The founding director of the Humboldt Forum, Neil MacGregor, predicts that Germany’s grand new museum will provoke intense civic debate
The Humboldt Forum will confront the future with the past
ON SEPTEMBER 14th 2019 the centre of Berlin will ring with festive music. Luminaries will gather to celebrate the 250th birthday of Alexander von Humboldt, the father of modern ecology. They will inaugurate in style the huge building which carries his name: the Humboldt Forum. It will be a museum complex, showing collections belonging to the Humboldt University and the city of Berlin, but above all displaying objects from Asia, Africa and America held in the (ex-Prussian) State Museums. It will also be a centre for exhibitions, performances and—perhaps its key purpose—civic debates.
Whereas the Grand Louvre asserted France’s cultural ambitions, the Humboldt Forum will raise questions (some of them uncomfortable) about Germany’s global role. And Germany’s politicians will not shy away from answering them. That is what this new building is for.
The Humboldt Forum will celebrate one of Europe’s greatest scientists. It will also mark a painful expansion of Germany’s Erinnerungskultur (culture of remembering), the continuous public discussion of the darkest chapters of the past. The Germans do this well. The murderous tyranny of Nazism, and the brutalities of the GDR, have been so openly examined that their warnings are deeply embedded in German political discourse. Now there is a demand that a third era of German state inhumanity should be similarly debated: the colonial empire in Africa under the Kaiser. The Forum will force that debate centre-stage.
The weight of history
Few buildings carry so much symbolic freight. The Forum stands at the ancient heart of the capital. Its exterior is a meticulous reconstruction: three façades replicate the royal palace of the kings of Prussia and the Kaisers of Germany. As visitors in September 2019 drive down Unter den Linden, they will have no way of knowing that the building ahead of them is not the palace which the first king built around 1710 and which Kaiser Wilhelm II left in the chaos of November 1918.
But the communists who saw in that palace the symbol of Prussian militarism razed it to the ground in 1952. In its place they erected a steel-and-glass Palace of the Republic. Until 1989 this was the seat of the GDR’s puppet parliament, and a centre where East Berliners enjoyed concerts, discos and a bowling alley. After unification, it too was demolished.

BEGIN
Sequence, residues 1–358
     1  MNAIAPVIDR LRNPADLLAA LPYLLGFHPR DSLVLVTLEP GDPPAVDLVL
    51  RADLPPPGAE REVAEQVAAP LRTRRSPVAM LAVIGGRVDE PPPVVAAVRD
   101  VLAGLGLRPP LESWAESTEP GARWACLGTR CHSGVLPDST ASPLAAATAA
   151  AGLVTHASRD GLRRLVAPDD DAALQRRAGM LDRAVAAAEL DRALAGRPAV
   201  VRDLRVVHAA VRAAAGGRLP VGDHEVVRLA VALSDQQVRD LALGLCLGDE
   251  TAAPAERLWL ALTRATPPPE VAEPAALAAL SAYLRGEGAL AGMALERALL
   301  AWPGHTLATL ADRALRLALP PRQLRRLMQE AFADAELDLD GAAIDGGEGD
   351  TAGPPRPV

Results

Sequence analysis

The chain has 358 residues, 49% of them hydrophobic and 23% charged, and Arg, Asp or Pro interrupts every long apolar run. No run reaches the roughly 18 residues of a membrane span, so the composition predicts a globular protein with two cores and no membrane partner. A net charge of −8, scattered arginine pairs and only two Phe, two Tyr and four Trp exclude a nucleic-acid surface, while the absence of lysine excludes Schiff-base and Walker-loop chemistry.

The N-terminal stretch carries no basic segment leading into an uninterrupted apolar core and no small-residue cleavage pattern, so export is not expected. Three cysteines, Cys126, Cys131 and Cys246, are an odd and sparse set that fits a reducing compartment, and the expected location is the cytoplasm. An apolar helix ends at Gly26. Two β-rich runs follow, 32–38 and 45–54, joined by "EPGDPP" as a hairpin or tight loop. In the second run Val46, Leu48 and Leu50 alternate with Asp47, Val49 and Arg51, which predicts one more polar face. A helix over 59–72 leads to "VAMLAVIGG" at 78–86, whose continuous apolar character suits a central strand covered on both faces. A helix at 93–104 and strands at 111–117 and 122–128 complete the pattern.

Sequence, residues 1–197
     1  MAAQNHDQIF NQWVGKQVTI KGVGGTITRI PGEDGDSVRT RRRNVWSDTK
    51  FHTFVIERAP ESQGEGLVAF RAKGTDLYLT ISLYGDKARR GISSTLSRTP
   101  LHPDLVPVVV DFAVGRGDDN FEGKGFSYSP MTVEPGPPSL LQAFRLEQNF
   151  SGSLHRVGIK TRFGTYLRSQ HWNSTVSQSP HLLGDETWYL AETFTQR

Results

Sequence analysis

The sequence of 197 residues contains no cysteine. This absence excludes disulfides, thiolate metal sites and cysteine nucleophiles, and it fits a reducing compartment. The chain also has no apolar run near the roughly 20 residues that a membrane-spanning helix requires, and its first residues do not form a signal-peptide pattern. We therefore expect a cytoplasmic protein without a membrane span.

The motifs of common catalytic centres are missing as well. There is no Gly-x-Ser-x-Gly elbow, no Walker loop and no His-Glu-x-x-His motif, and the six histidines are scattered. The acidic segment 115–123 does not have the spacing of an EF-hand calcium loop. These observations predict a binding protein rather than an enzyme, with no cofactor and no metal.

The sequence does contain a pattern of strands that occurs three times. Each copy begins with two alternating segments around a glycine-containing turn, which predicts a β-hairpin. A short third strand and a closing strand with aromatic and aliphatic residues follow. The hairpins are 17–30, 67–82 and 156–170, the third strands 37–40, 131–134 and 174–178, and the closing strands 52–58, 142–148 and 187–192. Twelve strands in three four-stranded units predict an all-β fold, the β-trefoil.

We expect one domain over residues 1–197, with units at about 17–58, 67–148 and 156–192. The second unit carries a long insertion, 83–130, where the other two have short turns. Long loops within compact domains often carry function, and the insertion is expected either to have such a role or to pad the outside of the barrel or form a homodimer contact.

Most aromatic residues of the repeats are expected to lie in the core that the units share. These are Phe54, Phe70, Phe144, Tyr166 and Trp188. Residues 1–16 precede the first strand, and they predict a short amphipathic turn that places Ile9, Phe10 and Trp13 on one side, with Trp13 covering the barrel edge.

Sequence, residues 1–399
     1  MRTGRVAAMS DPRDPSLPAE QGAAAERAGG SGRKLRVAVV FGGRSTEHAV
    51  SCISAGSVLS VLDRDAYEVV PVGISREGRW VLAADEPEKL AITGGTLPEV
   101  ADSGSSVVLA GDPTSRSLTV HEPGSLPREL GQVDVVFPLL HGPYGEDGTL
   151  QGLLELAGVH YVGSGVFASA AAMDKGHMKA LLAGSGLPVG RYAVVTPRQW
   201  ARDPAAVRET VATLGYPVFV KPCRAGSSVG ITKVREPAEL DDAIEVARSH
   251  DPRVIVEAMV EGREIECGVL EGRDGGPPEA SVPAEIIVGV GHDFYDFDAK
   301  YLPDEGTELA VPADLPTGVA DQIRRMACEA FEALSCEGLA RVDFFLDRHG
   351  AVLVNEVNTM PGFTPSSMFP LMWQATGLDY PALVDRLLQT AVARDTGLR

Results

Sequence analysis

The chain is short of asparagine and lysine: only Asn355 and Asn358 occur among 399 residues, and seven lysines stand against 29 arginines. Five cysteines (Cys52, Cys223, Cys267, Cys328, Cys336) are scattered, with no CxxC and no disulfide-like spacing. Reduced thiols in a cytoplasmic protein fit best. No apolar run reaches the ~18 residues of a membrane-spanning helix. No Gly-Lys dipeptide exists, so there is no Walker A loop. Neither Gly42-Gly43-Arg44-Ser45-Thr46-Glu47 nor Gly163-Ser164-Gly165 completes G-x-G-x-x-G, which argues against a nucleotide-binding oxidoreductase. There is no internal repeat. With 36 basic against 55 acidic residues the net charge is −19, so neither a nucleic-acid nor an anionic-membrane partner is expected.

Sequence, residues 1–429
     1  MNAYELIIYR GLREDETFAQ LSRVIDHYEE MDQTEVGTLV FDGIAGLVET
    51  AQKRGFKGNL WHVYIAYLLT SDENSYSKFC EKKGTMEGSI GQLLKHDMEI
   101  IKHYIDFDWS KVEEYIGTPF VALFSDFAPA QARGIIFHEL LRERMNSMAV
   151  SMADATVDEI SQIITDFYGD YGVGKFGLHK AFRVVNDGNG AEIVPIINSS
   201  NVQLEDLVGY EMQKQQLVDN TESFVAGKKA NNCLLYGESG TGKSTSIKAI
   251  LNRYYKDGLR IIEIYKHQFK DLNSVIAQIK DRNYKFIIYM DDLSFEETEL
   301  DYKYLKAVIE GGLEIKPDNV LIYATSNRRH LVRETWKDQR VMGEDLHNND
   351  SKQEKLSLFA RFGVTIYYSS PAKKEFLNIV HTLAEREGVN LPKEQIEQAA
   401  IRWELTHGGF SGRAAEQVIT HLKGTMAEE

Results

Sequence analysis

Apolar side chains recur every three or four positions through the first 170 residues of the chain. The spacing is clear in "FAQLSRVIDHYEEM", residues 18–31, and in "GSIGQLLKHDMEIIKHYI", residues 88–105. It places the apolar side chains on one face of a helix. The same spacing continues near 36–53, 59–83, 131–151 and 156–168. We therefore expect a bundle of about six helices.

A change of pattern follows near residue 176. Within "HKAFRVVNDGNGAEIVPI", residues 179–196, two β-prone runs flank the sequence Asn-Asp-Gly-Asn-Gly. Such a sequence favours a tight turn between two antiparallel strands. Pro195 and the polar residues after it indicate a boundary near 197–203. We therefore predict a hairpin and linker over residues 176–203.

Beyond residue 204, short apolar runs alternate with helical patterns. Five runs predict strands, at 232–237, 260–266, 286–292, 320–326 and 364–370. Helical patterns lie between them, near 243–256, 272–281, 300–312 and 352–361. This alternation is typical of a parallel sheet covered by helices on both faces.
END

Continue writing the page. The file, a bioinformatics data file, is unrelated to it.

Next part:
The federal government’s decision to rebuild the baroque façades of the old royal palace will deliver in September a building that once again makes sense of Berlin’s historic urban plan. It will delight tourists. Architectural critics will dismiss it as pastiche. Politically, it will reignite the resentment of many from the East who feel that their GDR has been written—or built—out of history by a triumphalist West.
But the contents will cause even more trouble. In this facsimile of the Kaiser’s palace will be shown many objects acquired in the Kaiser’s colonies. Like all European colonial powers, Germany expropriated, killed and exploited its African subjects. In Tanganyika the Maji Maji revolt of 1905-07 was suppressed with a scorched-earth policy that left nearly a quarter of a million dead. In Namibia German troops methodically drove the Nama and Herero peoples into the desert to die of starvation. Today that is widely seen as the first genocide of the 20th century and a step on Germany’s journey to its wars of aggression and the Holocaust. Now there is a groundswell of demand that Germany’s colonial crimes, deemed by some to be comparable to the Nazis’, be publicly acknowledged and researched with equivalent commitment.
Exhibiting objects acquired in the context of those atrocities in a replica of the building where Kaiser Wilhelm proclaimed the first world war will be judged by some a gratuitous provocation. It will raise the temperature of debate. At issue will be not only the sombre history, but what it means for Germany’s approach to the inequities of Europe’s relationship with Africa today. Should Germany make reparation for past wrongs? Should objects be returned? And what should this mean for immigration?
The Humboldt Forum will confront the future with the past. The resulting arguments will again show that modern Germany, unlike France with its history in Algeria or Britain in Ireland, is willing to address its past with unflinching honesty—and, in consequence, to behave differently.
Neil MacGregor was director of the Humboldt Forum from 2015 to June 2018 and is now chair of its international advisory council. He was director of the British Museum from 2002 to 2015. Mr MacGregor is the author of “Living with the Gods: On Beliefs and Peoples” (Allen Lane, 2018)